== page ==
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Home / World / According to analysts, the slowdown in China could lead to measures leading to high debts

According to analysts, the slowdown in China could lead to measures leading to high debts



The construction of a residential and recreational area in Liaocheng, China.

Zhang Peng | LightRocket | Getty Images

With economic slowdown in China slowing down, some analysts may say Beijing is returning to some of its old strategies – such as building better infrastructure and easing real estate controls – and this could add to existing concerns over high levels of debt.

The world's second-largest economy recorded growth of 6.2% for the second quarter on Monday. Although official data from China are frequently questioned, data has been the slowest increase in at least 27 years from the same quarter a year ago.

In addition to slowing global growth and trade tensions with the US, China faces numerous domestic challenges. Beijing has sought to reduce its dependence on debt for growth, stimulate consumption and improve the financing opportunities of private companies.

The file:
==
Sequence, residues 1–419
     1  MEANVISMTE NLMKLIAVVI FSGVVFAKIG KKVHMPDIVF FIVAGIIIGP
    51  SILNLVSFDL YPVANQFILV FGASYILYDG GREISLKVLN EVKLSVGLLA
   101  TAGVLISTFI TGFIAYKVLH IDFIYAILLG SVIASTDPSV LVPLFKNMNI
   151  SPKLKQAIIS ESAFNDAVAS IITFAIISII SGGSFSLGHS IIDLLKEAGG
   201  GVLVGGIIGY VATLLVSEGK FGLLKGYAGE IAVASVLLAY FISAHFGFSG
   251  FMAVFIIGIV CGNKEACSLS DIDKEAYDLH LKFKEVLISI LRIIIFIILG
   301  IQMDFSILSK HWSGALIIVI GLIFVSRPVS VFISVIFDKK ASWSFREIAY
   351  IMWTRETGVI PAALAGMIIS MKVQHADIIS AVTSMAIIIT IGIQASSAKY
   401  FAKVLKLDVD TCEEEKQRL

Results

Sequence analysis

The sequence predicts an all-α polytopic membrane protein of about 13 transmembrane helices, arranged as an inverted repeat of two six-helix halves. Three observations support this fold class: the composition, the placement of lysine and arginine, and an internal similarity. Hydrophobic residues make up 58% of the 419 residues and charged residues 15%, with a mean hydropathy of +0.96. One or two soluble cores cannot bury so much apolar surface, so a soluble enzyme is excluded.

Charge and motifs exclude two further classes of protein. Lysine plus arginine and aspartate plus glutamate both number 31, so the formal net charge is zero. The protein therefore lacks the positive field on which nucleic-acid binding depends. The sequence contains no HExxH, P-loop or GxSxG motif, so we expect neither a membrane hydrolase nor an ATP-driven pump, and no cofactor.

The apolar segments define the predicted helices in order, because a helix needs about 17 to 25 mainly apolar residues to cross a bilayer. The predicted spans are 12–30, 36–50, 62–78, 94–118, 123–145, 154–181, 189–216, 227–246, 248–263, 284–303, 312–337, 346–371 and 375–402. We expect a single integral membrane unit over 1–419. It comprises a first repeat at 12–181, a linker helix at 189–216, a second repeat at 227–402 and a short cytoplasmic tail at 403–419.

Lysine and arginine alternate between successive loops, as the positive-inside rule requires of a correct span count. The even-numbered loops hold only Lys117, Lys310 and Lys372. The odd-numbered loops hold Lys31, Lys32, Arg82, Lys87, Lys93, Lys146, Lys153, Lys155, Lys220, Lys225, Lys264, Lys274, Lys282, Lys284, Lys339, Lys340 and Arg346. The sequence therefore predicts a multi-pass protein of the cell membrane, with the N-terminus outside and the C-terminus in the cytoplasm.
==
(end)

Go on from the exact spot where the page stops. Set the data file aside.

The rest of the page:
However, analysts expect the slowdown in growth to continue until the end of the year. And they expect the support, some of which are already in place, to be in the form of higher infrastructure spending and higher borrowing.

"Monetary policy will play a very limited role over the next six months," said Dan Wang, an analyst at the Economist Intelligence Unit, noting that the central bank is likely to make policy changes only for specific sectors. "Fiscal policy will continue to play a leading role, and the growth drivers continue to be investment because consumption is very weak this year."

Retail sales increased 9.8% in June from Monday's data a year ago. However, growth was mainly driven by a 1

7.2% increase in car sales before a shift in emissions standards. Fixed asset investment rose solidly by 5.8% last month.

Shadow Banking in the Game

One of Beijing's most popular incentive measures last year was encouraging banks to lend to privately owned companies. These companies contribute to most of the country's growth and employment, but China's big state banks prefer to work with the government's less risky companies.